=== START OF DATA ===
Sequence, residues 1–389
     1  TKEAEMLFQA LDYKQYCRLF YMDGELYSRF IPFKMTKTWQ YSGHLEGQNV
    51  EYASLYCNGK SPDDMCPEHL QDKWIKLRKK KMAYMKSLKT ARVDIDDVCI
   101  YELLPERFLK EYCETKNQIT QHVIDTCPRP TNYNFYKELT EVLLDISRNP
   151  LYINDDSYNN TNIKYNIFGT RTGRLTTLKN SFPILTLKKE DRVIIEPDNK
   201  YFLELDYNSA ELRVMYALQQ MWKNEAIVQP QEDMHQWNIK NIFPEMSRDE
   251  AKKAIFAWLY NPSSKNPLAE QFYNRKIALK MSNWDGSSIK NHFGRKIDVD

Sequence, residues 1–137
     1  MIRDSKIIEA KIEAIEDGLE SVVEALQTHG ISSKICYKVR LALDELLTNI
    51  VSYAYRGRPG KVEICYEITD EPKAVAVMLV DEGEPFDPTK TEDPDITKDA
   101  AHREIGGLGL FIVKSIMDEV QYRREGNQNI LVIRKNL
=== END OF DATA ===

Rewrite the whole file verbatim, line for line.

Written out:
Sequence, residues 1–389
     1  TKEAEMLFQA LDYKQYCRLF YMDGELYSRF IPFKMTKTWQ YSGHLEGQNV
    51  EYASLYCNGK SPDDMCPEHL QDKWIKLRKK KMAYMKSLKT ARVDIDDVCI
   101  YELLPERFLK EYCETKNQIT QHVIDTCPRP TNYNFYKELT EVLLDISRNP
   151  LYINDDSYNN TNIKYNIFGT RTGRLTTLKN SFPILTLKKE DRVIIEPDNK
   201  YFLELDYNSA ELRVMYALQQ MWKNEAIVQP QEDMHQWNIK NIFPEMSRDE
   251  AKKAIFAWLY NPSSKNPLAE QFYNRKIALK MSNWDGSSIK NHFGRKIDVD

Sequence, residues 1–137
     1  MIRDSKIIEA KIEAIEDGLE SVVEALQTHG ISSKICYKVR LALDELLTNI
    51  VSYAYRGRPG KVEICYEITD EPKAVAVMLV DEGEPFDPTK TEDPDITKDA
   101  AHREIGGLGL FIVKSIMDEV QYRREGNQNI LVIRKNL